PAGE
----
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Legislative Efforts Coming in Waves to Support Milk River Project Rehabilitation


Last updated 3/17/2021 at 9:39am

As we approach the one-year anniversary of the collapse of Drop Structure #5 of the St. Mary’s Diversion, the spotlight remains on the unaffordability of critical repairs to the Milk River Project’s aged infrastructure. From Montana’s irrigators and farmers, ranchers, recreationists, and municipalities that span from Tribal Nations to Canada, the call for affordable repairs are continuing to grow. Not only are construction costs into the hundreds of millions of dollars, Montana’s irrigators alone are responsible for 74% of those costs. It doesn’t take much thought to realize the money is not there, which is why repairs have been looming and unattainable. Without the St. Mary Diversion alone, the Milk River would potentially run dry six of every ten years. Consider the magnitude of this system.

House Joint Resolution No. 7 was introduced by Rep. Casey Knudsen of Malta in February and has soared through the Montana Legislature. This Resolution calls on the Federal Government to adjust the current funding allocation to ensure affordability, and ultimately infrastructure rehabilitation. With strong support from Conservation Districts, sportsmen and wildlife advocates, bankers, farmers and numerous governmental agencies, H.J. No. 7 is just one collaborative effort between stakeholders to make change. H.J. No. 7 has now passed through the assigned Senate Committee and will soon be heard on the Senate floor.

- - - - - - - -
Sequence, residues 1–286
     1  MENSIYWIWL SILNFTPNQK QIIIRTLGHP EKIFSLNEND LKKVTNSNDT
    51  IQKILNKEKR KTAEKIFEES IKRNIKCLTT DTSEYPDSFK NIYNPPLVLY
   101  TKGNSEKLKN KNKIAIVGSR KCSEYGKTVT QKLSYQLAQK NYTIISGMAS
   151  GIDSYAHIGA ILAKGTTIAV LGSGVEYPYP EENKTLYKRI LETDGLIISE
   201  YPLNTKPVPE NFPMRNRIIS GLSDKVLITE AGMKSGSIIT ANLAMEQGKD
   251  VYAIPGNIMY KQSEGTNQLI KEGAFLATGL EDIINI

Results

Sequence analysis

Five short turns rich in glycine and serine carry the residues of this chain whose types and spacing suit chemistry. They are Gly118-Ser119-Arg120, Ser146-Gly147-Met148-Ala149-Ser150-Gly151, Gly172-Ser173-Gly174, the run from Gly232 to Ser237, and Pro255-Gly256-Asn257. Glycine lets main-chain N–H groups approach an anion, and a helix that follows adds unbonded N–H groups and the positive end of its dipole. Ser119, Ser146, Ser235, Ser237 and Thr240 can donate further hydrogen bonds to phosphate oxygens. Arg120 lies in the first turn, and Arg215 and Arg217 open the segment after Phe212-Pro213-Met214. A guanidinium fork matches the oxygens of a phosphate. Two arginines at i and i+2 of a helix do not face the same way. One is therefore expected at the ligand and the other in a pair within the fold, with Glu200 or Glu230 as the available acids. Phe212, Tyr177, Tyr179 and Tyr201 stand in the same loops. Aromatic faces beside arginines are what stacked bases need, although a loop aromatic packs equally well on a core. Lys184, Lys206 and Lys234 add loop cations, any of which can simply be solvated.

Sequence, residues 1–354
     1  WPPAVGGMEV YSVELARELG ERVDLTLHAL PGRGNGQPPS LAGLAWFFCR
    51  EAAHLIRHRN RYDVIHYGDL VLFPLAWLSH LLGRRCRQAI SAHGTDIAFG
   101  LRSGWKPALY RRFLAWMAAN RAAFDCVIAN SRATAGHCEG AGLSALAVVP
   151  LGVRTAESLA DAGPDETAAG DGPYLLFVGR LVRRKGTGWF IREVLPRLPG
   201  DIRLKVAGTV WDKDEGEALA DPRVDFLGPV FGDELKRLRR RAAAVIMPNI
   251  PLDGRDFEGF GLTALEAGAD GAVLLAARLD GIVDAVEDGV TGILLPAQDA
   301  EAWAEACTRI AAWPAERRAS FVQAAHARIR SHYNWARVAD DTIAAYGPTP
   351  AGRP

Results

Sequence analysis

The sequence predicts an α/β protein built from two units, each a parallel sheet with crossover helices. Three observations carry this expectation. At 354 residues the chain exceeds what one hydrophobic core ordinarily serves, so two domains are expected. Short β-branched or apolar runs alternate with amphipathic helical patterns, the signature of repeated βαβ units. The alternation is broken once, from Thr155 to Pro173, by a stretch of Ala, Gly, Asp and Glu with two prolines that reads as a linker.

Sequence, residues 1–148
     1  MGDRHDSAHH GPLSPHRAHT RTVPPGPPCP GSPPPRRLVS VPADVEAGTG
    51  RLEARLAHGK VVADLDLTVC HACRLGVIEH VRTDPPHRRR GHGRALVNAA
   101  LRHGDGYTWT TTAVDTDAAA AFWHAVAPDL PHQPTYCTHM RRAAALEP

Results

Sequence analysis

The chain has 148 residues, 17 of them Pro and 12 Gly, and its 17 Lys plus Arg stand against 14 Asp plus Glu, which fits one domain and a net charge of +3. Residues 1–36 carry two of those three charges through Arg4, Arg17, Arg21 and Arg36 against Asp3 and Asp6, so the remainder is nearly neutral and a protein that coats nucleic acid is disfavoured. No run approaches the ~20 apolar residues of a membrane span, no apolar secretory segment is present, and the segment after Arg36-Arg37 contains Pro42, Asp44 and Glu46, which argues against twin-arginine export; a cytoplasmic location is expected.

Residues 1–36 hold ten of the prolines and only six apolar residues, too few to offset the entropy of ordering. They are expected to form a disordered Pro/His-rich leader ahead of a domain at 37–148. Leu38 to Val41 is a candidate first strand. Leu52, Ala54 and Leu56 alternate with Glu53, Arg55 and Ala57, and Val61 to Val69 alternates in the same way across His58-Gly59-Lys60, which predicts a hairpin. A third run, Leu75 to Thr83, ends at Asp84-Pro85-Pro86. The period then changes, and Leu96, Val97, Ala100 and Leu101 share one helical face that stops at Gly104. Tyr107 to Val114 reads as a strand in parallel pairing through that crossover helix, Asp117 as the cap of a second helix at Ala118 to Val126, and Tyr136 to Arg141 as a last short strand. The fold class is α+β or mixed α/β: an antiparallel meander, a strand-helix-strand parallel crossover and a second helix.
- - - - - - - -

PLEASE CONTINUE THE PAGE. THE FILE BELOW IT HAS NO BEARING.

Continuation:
Additionally, Sen. Jon Tester, Sen. Steve Daines and Rep. Matt Rosendale have recently reintroduced federal legislation to not only provide $52 million in contribution to repairs, but to also reassess the 74/26 cost-share between irrigators and the Bureau of Reclamation, respectively. While efforts like this have been tried before without success, the failure at St. Mary’s has demonstrated that complete disaster is a stark reality for those along the Hi-Line, and therefore needs immediate consideration and action.

Please consider sending a “thank you” to both state legislators that have supported H.J. No. 7 and the members of Montana’s congressional delegation for their renewed support for federal funding. Slowly but surely, we will see the rehabilitation of the Milk River Project.


The Milk River Watershed Alliance is a locally led organization working together to preserve, protect, and enhance natural resources within the Milk River Watershed while maintaining the quality of life. To learn more, please visit http://milkrivermt.org .


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